And I think the noble and learned Viscount who very lately spoke, and who was lately Lord Chancellor, acted for a long time as Chairman of Quarter Sessions. But these instances do not prove that it is always the case. A Chairman of Quarter Sessions is elected by the justices, and I desired to ask the Lord Chancellor, but I had not the opportunity, whether it is the case that he does not have to agree to their presiding in Criminal Courts, as he does in some other courts where an officer is elected to try very important cases. If the trial of criminal business is to be extended, then it would be well to take definite means to secure that in every case a Chairman exercising criminal jurisdiction at quarter sessions should have had the training and practice of a barrister.

The present position has grown up almost by accident. Chairmen, of course, have the duties to perform, which they do perform most admirably, of county business, but the Chairman for criminal business may well be separate, and I think there would be no difficulty in getting the services of men in large practice at the Bar. I think there would be no difficulty in getting them to give their services, although I think it would be worth while even to remunerate them to some extent, in order that they should preside at the trial of criminal cases at the quarter sessions. I would not have ventured to make these remarks except that, having been, from the time when the Criminal Appeal Court began its work, often a member of that Court, I have naturally seen the summings up and, in fact, the whole proceedings at the trial sent up to that Court from the quarter sessions, when there has been an appeal; and it is not natural to expect that anyone who sits once in three months to try criminal cases should try them—I think I might fairly say—as well as someone who is constantly engaged in that or analogous work.

The difficulty in trying a criminal case is not simply in passing sentence, and, if it were, that would not matter so much, because there is an appeal upon the sentence, and upon the conviction too—an appeal from quarter sessions to the Court of Criminal Appeal. The difficulty is in understanding and applying correctly, and on the moment, the rather complicated but, I think, excellent rules of evidence, as they apply in our Courts, and—most difficult of all—in summing up, summing up so as to present properly and adequately the case for the prosecution and the case for the defence. And there is nothing in which the Court of Criminal Appeal has been more strict than in insisting that both sides shall be fairly put before the jury when the Judge or Chairman of Quarter Sessions sums up a case. It has happened, though we prevent it whenever we can, that, in cases where the prisoner was undoubtedly guilty and had been convicted, the conviction had to be quashed because of some defect, owing merely to inexperience, in putting the defence before the jury as a Judge of Assize would have put it.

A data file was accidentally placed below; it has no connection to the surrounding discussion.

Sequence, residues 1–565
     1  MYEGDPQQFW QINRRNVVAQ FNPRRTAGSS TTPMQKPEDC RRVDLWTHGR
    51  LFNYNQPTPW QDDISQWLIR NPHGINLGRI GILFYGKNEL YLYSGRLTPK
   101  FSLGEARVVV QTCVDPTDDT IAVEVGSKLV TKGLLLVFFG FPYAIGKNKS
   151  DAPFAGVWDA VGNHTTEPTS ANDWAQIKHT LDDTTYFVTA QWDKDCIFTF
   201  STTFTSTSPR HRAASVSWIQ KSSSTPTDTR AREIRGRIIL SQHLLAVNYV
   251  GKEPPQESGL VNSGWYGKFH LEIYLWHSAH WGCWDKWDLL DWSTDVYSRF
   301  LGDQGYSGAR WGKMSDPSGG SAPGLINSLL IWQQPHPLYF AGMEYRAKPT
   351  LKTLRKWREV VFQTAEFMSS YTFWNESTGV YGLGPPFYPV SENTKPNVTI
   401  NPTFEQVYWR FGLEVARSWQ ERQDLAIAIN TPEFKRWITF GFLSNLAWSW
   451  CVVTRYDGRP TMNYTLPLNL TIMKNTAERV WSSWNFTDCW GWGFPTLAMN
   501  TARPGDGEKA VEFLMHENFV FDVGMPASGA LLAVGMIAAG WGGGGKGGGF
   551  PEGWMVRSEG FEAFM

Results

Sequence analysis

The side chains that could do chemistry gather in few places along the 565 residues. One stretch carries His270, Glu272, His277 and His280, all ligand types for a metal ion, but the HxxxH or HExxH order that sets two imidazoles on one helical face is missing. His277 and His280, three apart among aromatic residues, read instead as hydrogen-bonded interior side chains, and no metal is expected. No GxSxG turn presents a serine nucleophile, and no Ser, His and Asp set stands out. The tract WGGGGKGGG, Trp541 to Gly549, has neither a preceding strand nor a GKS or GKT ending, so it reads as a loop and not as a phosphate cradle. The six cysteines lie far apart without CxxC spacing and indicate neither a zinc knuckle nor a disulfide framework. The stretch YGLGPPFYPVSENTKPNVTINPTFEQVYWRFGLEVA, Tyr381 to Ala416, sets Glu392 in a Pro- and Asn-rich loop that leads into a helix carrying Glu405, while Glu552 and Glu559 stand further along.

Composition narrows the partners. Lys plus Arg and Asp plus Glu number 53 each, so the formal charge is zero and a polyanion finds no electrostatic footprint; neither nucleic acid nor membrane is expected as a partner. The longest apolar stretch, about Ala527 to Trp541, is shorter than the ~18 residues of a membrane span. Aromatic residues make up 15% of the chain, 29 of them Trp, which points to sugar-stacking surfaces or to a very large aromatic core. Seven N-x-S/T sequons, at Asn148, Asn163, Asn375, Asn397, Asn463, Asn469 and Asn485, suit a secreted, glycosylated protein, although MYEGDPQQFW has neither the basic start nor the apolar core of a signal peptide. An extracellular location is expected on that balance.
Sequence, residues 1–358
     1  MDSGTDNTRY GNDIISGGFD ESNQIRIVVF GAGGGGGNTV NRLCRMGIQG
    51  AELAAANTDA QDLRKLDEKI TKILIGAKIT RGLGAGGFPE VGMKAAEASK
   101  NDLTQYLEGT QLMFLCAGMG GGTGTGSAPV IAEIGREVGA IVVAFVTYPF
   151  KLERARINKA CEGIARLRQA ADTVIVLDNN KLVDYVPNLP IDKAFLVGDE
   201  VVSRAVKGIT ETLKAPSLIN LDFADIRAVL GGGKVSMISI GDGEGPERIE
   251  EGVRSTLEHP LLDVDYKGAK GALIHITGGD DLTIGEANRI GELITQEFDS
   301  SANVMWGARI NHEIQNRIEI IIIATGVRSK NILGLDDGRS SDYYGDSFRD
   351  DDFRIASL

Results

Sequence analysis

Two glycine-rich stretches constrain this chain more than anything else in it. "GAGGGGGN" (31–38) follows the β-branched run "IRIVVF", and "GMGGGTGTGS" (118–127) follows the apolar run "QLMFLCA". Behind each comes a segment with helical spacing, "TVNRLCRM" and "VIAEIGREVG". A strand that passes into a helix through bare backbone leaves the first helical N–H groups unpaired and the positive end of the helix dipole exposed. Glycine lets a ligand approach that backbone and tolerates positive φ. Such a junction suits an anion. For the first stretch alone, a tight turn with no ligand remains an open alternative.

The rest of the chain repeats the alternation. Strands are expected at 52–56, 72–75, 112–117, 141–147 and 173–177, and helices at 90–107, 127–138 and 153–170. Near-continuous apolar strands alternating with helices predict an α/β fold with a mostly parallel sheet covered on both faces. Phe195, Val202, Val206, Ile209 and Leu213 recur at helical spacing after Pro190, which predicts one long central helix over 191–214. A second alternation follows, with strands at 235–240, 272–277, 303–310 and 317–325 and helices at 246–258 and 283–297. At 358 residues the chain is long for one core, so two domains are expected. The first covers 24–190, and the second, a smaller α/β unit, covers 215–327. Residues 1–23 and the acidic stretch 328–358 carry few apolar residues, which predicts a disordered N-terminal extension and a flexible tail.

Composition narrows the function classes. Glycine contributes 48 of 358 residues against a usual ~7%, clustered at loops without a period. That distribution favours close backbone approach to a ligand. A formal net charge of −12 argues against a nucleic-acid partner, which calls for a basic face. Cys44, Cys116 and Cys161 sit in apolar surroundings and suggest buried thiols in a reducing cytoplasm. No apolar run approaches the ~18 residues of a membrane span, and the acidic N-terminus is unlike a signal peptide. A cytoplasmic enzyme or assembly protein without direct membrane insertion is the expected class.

A small matter upon which I should like to speak, and to which the Lord Chancellor has already alluded, is the question of sketching and taking photographs in Court. To my mind this practice of publishing in the newspapers sketches of people who happen to be involved in litigation has done a very great deal of harm. Whether the provision in the Bill goes quite far enough in preventing it, I do not know. There was a dreadful case some time ago, in which a photograph was taken at the Old Bailey of a Judge passing sentence of death. That photograph was published—a most shocking thing to have taken, or to have published, dreadful for the Judge, dreadful for everybody concerned in the case. Of course, the Judge knew nothing of it, could not do anything to prevent it, and could not punish the person who had done it. Sketching with a view to publication may require a little consideration, because I well remember a learned counsel who became a Law Officer of the Crown, and I very much doubt whether he would have reached that position if he had not been an almost inimitable draftsman and had not published—in the strict legal sense of the word "publish"—the sketches which he often took in Court, and very often gave to the Judge.

One other matter upon which I should like to say a word is the alteration of the law with regard to the case of a husband and wife jointly charged with a crime. The noble and learned Viscount on the Woolsack mentioned that this had been brought about by a case recently tried. I think—in fact, I feel sure—that he alluded to a case which I myself heard, and in which the point was taken on behalf of the woman that, whatever the evidence might be, whether it did or did not prove the offence, the Judge must not leave the case to the jury, because it is a presumption of law, as distinguished from a presumption of fact, that if a woman commits a crime and her husband is present, she commits it solely by his instigation and under his coercion. Much ridicule has been poured on this rule. I think when it was established, and for a long time, it was a very good rule indeed. Women are not now in the position in which for a long time they were—whether they will regret it in the long run I do not know. But when the rule was made in the middle ages a wife was, in some respects, little better than a chattel belonging to her husband, and it was quite reasonable, having regard to the manners of the time, that if a man was present when a woman took part in a crime or committed it, the law should say: "She shall not be tried; he domineers over her in all the affairs of life, and we must presume that he coerced her by his dominance on this occasion."